Onomatopoeia is an experimental sound artist from Richmond, VA performing a unique blend of dreamy sun-kissed nature pop with experimental electronics. Onomatopoeia recently released his debut EP Mountain Air.
Much of Mountain Air takes from Onomatopoeia’s usage of field recordings from the Blue Ridge Mountain mixed in with folk guitar and electronic sounds. If I were to chalk up Onomatopoeia’s sound I would say it’s a mix between Animal Collective and Radical Face. Mountain Air uses overlaying echoed and delayed vocal tracks weaved into synth-based sounds, simulating a sense of atmosphere and ambience. Pair that with the field recordings and folk guitar and you get a journey of a first EP.
Each track on the album beautifully blends three key elements of electronic, folk, and sampling in its own way. No track sounds the same but each bares a similar theme of what Mountain Air represents, which you can read about in the description of the album on Onomatopoeia’s Bandcamp. With that said, I will focus on two tracks I thought stood out while listening through the album.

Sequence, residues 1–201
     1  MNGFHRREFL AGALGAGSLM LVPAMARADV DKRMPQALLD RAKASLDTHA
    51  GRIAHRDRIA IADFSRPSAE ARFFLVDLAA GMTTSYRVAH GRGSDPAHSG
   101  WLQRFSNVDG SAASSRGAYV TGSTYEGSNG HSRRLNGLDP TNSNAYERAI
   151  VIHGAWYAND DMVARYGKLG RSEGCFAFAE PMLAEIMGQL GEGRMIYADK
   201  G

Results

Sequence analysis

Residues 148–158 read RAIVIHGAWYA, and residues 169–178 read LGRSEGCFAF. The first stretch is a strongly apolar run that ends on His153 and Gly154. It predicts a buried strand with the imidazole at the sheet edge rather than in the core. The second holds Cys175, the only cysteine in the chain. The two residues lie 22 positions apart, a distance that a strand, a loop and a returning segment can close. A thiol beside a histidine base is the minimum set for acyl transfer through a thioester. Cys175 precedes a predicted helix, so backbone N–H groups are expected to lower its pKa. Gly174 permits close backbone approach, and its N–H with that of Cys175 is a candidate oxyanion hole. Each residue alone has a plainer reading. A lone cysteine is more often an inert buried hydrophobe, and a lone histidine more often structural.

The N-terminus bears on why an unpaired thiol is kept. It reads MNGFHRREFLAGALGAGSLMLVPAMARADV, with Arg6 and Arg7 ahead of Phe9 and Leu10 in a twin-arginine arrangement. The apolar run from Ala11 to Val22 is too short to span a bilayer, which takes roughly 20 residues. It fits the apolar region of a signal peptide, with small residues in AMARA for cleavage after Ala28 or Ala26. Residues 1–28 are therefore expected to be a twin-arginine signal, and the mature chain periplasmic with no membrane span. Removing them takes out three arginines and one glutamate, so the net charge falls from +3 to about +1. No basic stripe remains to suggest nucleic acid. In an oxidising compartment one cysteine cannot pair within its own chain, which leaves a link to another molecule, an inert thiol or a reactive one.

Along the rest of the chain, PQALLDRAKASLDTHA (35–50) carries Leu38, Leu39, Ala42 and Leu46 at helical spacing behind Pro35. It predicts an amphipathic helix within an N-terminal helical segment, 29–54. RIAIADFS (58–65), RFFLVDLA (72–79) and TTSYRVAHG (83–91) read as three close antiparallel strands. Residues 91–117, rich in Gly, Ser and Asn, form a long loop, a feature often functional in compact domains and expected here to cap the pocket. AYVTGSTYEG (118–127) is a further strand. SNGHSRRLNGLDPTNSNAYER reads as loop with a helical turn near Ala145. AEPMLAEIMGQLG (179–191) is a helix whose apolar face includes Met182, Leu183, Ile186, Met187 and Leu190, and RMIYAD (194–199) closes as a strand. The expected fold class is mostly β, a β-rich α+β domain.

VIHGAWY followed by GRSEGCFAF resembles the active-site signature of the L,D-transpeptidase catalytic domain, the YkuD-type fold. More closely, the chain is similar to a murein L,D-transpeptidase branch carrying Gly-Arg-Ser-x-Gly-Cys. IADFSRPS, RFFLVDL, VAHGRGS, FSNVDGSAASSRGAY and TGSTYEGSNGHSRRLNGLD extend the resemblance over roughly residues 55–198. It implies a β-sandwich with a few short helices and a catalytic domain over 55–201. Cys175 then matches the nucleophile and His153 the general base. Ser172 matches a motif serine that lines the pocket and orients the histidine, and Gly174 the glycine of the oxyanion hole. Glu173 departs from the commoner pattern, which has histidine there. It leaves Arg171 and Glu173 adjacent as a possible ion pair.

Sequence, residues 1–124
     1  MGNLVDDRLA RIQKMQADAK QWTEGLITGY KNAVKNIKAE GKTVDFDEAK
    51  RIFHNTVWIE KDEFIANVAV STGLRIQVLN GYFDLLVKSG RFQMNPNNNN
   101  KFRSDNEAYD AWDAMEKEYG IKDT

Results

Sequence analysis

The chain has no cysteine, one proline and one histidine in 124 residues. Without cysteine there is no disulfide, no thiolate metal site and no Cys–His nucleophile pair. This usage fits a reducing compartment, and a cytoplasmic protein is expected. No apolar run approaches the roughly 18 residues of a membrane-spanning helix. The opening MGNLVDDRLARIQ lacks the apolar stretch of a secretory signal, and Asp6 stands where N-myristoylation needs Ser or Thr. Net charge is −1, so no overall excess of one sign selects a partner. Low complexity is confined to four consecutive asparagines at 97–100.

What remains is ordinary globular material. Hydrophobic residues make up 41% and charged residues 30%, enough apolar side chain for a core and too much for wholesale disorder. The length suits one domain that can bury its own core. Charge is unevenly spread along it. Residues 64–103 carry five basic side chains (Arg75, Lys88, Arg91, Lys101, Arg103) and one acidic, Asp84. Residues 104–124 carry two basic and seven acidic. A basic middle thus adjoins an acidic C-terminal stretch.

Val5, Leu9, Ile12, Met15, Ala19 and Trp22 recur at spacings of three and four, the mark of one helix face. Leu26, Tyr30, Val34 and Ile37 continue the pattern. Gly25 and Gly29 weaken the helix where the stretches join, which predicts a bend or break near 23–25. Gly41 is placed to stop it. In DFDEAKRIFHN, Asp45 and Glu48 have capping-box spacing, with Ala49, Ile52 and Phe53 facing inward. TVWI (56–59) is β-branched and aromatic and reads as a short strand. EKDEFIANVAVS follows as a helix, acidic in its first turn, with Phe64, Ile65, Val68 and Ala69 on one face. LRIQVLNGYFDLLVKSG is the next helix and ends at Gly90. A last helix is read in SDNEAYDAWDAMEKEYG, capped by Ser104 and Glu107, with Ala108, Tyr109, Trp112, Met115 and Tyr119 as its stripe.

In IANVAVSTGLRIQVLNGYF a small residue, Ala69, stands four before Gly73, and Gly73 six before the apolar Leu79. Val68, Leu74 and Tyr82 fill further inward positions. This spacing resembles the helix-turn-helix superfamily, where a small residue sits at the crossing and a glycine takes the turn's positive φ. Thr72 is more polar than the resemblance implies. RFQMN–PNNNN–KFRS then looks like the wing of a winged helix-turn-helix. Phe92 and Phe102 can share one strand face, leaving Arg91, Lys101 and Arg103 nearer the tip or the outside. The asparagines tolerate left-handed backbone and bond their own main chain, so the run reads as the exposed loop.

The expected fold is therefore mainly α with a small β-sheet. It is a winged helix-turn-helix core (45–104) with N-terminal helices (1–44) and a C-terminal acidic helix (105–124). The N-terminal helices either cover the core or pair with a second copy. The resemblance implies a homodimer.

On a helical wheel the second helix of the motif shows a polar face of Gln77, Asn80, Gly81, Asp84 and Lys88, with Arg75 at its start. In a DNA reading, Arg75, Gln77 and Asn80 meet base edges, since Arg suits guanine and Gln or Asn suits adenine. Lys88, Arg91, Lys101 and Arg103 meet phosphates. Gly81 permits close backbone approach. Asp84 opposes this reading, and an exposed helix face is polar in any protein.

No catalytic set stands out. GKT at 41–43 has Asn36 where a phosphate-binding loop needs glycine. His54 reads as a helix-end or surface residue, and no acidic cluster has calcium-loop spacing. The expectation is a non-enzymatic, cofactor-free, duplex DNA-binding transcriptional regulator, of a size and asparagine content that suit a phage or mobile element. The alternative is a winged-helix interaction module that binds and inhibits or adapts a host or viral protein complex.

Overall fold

The second track of the album “(shenandoah national park),” blends the vocal overlays with accented folk guitar and drumbeats. "(shenandoah national park)" starts off strong with vocal tracks “ooh” and “ahhing” with bird chirping sampling intertwined, in the background guitar and drumbeats accent the downbeat. This pattern continues throughout the song as Onomatopoeia incorporates different vocals of children playing and screaming teeming in and out. Towards the 2:13 mark of the song, more synth based sounds take over along with a drowned-out sampling of a voice talking. This continues until the 3:34 mark. After the mark, the song returns to “normal” fading out to static with voices trapped inside. I particularly enjoyed this track because I think it perfectly captured the blend of Animal Collective and Radical Face while maintaining its own style.
The fourth track of the album “over the garden wall” pays homage to the coveted animated series released by Cartoon Network in 2013. The track starts off with an oscillating synth based notes giving the feeling of rainfall. Over the garden wall takes its listeners to another dimension. With random bleeps and bloops and other robotic noises teeming in between the oscillating rain, the track reaches into primordial depths. Since the song is only a minute and fifty-four seconds long, it almost acts as an interlude to the next track. I particularly enjoyed this track because I felt that I had been transported to another dimension. It draws a lot on the sense of mystery, exploration, and maybe even dread.
On Bandcamp, Onomatopoeia notes that he “wanted to make music that felt had real artistic merit [something] that challenged ideas and methods for songwriting.”